“ Thus much, gentlemen, I have thought it incumbent on me to observe to you, to show upon what principles I opposed the irregular and hasty meeting which was proposed to have been held on Tuesday last, and not because I wanted a disposition to give you every opportunity, consistent with your own honour, and the dignity of the army, to make known your grievances. If my conduct heretofore has not evinced to you, that I have been a faithful friend to the army, my declaralion of it at this time would be equally unavailing and
improper. But as I was among the first who embark. ed in the cause of our common country ; as I have never left your side one moment, but when called from you on publick duty; as I have been the constant companion and witness of your distresses, and not among the last to feel and acknowledge your merits ; as I have ever considered my own military reputation as inseparably connected with that of the army ; as my heart has ever expanded with joy when I have heard its praises, and my indignation has arisen when the mouth of detraction has been opened against it ; it can scarcely be supposed at this last stage of the war, that I am indifferent to its interests. But how are they to be promoted ? The way is plain, says the anonymous addresser ! If war continue, remove into the unsettled country; there establish yourselves, and leave an ungrateful country to defend itself;—but who are they to defend ? Our wives, our children, our farms and other property which we leave behind us ? Or in this state of hostile separation, are we to take the two first, (the latter cannot be removed) to perish in a wilderness with hunger, cold, and nakedness ?
“ If peace takes place, never sheath your swords," says he,“ until you have obtained full and ample justice.” This dreadful alternative of either deserting our country in the extremest hour of her distress, or turning our arms against it, which is the apparent ob ject, unless Congress can be compelled into instant compliance, has something so shocking in it, that humanity revolts at the idea. My God! What can this writer have in view, by recommending such measures : Can he be a friend to the army? Can he be a friend to this country ? 'Rather is he not an insidious foe ; some emissary, perhaps, from New York, plotting the ruin of both, by sowing the seeds of discord and separation betwoon the civil and military powers of the continent ? And what a compliment does he pay to our understandings, when he recommends measures, in ei.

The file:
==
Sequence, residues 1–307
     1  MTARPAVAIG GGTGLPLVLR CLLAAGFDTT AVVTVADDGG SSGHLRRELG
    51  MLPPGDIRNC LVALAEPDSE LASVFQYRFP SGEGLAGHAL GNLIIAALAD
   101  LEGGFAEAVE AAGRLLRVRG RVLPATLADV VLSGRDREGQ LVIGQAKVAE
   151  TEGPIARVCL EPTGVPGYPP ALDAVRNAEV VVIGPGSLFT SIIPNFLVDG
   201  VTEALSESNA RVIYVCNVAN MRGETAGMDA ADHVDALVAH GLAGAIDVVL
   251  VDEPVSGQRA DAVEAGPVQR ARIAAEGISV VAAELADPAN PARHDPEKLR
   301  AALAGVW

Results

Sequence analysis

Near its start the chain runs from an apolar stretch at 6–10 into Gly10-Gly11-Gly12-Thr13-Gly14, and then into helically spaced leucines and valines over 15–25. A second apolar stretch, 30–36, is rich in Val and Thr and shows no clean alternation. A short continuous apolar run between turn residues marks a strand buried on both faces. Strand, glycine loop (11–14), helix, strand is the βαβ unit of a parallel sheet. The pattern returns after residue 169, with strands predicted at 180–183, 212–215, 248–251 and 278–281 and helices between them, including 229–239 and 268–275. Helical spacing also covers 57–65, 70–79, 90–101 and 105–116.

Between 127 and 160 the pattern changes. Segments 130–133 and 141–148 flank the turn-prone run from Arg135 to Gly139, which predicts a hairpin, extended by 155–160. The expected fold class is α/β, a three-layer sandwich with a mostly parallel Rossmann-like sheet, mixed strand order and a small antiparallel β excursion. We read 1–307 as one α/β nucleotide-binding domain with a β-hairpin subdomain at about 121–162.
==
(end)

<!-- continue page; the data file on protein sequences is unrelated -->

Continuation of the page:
ther alternative, impracticable in their nature? But here, gentlemen, I will drop the curtain, because it would be as ent in me to assign my reasons for this opinion, as it would be insulting to your con ception to suppose you stood in need of them. A moinent's reflection will convince every dispassionate mind of the physical impossibility of carrying either proposal into execution. There might, gentlemen, be an impropriety in my taking notice, in this address to you, of an anonymous production ;—but the manner in which that performance has been introduced to the army; the effect it was intended to have, together with some other circumstances, will amply justify my observation on the tendency of that writing.
“With respect to the advice given by the author, to suspect the man who shall recommend moderate measures and longer forbearance, I spurn it, as every man who regards that liberty and reveres that justice for which we contend, undoubtedly must; for, if men are to be precluded from offering their sentiments on a matter which may involve the most serious and alarming consequences that can invite the consideration of mankind, reason is of no use to us. The freedom of speech may be taken away, and dumb and silent we may be led, like sheep to the slaughter. I cannot ir justice to my own belief, and what I have great rea son to conceive is the intention of Congress, conclude this address, without giving it as my decided opinion, that that honourable body entertain exalted sentiments of the services of the army, and from a full conviction of its merits and sufferings, will do it complete jus. tice. That their endeavours to discover and establish funds for this purpose have been unwearied, and will not cease until they have succeeded, I have not a doubt.
“ But like all other large bodies, where there is a va riety of different interests to reconcile, their determi nations are slow. Why then should we distrust them And in consequenee of that distrust, adopt measures